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Moving along.....

Second layer all smoothed out and curing. After trimming the second layer edges I filled the weave. To fill the weave I use Kilz primer with a roller. Usually 2 coats do it. The stuff is very thick, fills and sands nicely.

Sanded tubes in three stages. First with 150, then 200, then finish with 250.
Smooth as a baby's behind and eventhough you can see the seem when un-painted, you can't feel it. Took about 30 minutes total to complete the sanding on each tube. I love orbital sanders.

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Fuddrucker

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On to the motor mount tube and fins....

I'm using a 75mm tube and I peel the glassline off of it as well. I have found that running a sharp x-acto knife along the seam the entire length of the tube to score the glassline paper works well to peel it. After scoring the tube all the way, just start to peel at one end, pull, pull, pull, and it usually comes off in one piece.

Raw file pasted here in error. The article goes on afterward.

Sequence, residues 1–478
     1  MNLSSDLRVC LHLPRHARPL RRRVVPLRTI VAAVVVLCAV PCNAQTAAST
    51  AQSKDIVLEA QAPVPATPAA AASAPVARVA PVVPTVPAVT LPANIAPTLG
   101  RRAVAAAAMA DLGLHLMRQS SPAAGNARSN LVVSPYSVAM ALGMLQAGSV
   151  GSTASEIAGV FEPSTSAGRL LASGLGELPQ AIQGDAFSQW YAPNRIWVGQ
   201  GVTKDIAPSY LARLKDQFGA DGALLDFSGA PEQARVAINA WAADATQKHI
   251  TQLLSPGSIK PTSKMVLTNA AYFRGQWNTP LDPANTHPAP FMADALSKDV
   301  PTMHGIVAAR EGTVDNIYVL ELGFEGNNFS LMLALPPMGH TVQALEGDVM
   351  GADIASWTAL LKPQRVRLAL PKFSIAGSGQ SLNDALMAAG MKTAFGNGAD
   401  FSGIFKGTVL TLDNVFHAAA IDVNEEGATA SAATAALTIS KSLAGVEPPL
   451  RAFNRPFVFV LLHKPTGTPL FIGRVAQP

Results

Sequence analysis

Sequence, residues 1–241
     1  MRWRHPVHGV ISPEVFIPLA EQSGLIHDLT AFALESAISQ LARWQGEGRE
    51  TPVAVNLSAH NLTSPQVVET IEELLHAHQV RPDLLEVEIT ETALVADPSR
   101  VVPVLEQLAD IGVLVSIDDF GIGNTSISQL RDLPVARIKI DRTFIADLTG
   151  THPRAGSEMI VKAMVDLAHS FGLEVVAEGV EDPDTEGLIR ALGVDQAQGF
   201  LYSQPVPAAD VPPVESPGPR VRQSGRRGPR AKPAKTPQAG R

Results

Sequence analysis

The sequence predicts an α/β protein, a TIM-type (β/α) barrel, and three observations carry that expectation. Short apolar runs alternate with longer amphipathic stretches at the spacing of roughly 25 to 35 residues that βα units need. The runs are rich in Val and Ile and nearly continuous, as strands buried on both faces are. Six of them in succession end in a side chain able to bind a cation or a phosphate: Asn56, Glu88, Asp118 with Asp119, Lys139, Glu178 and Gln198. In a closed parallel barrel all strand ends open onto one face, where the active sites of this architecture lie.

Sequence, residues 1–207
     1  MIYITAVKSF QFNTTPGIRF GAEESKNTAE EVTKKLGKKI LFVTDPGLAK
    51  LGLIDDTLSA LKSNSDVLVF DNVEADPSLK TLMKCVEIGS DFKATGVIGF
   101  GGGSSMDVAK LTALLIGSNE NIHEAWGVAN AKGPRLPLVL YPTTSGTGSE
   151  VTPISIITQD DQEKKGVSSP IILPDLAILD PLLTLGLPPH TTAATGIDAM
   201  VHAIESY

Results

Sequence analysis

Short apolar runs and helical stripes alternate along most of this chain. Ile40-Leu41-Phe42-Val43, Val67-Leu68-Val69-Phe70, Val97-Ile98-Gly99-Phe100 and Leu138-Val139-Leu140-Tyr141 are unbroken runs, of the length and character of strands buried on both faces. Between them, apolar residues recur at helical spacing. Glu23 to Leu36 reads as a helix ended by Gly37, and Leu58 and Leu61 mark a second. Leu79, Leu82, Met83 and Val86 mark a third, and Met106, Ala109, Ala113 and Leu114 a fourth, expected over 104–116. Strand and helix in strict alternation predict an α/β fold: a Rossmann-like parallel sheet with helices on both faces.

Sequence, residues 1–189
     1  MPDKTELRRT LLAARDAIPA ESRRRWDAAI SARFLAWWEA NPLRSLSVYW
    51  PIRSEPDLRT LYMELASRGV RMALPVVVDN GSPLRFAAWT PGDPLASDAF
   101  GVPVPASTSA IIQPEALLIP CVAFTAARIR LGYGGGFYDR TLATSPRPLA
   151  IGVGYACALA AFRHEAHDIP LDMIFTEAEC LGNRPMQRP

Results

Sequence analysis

I Used 5/16" 7-ply birtch for the rings and bulkheads cut out with a scroll saw. As usual, I forgot to take pics while cutting the rings and bulkheads out so I "re-created it" by just placing the ring back in the cutout and took a pic. You get the idea.

After using a hole saw to cut out the center of the rings, I sand them using my drill press and a sanding drum to the right size. I then place them onto a scrap piece of 75mm tube and use the drum to sand all the pieces at the same time to get them all even for a snug fit inside the 7.5" dia. body tube.

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Fuddrucker

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Dry fitting onto the MMT (glassline still on in this shot), and taking a pic to show the size comparison of just the motor mount and the actual Estes kit.